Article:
The UK government has hinted that it will extend its flagship BNO visa scheme. This is currently reserved for Hong Kong nationals with a British National Overseas (BNO) passport, to Hongkongers aged 18 to 24, who have been at the center of civilian protests in Hong Kong over Chinese security rules imposed on the former British territory.
The current BNO visa system began last year and is only open to BNO passport holders. Specifics include being born before 1997 when Hong Kong was returned to China and the BNO scheme came to an end.
For months, however, a movement has been ongoing with the support of senior Conservative MPs. One of them is former Foreign Secretary William Hague and the last Governor of Hong Kong, Chris Patten.
The campaign calls on the government to create a path to UK citizenship for young Hongkongers. These are the children of BNO passport holders and do not wish to immigrate to the United Kingdom.
Home Office minister Andrew Sharpe indicated during a recent discussion on the new Nationality and Borders bill that the government was seriously considering expanding the BNO visa system to Hongkongers born after 1997 for the first time.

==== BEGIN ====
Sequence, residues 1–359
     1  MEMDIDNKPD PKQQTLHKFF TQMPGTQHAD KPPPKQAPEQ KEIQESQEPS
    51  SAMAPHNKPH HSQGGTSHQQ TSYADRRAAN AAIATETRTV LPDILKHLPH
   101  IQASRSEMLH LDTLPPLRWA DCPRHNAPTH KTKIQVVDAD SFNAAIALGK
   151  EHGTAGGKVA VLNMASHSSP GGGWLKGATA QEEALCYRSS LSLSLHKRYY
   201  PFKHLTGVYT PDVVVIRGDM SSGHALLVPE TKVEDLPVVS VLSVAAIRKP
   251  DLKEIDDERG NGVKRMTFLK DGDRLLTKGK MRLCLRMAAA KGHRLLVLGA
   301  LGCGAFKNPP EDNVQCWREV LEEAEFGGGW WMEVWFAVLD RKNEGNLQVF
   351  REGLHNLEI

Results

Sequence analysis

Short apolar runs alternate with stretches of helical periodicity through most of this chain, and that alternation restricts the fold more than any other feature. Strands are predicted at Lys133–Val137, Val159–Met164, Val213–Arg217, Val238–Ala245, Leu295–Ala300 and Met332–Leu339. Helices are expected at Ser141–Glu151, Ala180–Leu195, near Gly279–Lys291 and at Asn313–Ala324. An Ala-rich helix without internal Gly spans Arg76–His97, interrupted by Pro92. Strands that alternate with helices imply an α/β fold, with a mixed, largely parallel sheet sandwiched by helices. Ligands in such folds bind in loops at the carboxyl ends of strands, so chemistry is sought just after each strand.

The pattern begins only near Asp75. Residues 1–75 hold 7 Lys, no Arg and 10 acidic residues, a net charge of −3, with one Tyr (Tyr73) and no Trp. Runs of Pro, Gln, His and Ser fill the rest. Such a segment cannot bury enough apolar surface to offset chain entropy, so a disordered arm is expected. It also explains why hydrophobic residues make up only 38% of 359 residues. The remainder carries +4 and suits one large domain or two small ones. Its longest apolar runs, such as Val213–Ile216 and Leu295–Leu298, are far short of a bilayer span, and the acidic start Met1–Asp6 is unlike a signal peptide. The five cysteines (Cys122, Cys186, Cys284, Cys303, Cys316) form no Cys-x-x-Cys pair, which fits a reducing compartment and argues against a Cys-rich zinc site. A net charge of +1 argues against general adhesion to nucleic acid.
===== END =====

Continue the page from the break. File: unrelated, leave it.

“We have heard concerns raised, and are very sympathetic to the circumstances of children born on or after July 1997 with BNO parents,” Sharpe said.
By the time the Nationality and Borders bill reached the report stage, he hoped to have an update available.
Young Hong Kong natives who are ineligible for the BNO visa system could enter the UK through the Youth Mobility Scheme.
Following the introduction of the BNO visa scheme, the Johnson administration predicted that up to 300,000 Hong Kong residents would visit the UK in the next five years.
According to Sharpe, 88,000 Hongkongers had sought to come to the UK by the end of September 2021.
Meanwhile, Hong Kong migrants arriving in the UK are worth aprox. £2.4 to £2.9 billion to the UK Treasury over the next five years.
David Alton, a crossbench peer, backed a call to modify BNO visa criteria for young Hongkongers, saying:
“These are courageous young people that need a lifeboat out of the city. These are the very people that flooded the streets and stood up for freedom in 2019.”
According to an article published by The Guardian, 200 young Hongkongers have applied for asylum in the UK. Among them, some are facing criminal charges relating to their protests. This makes it more difficult for individuals to petition for asylum, and some have already waited more than a year.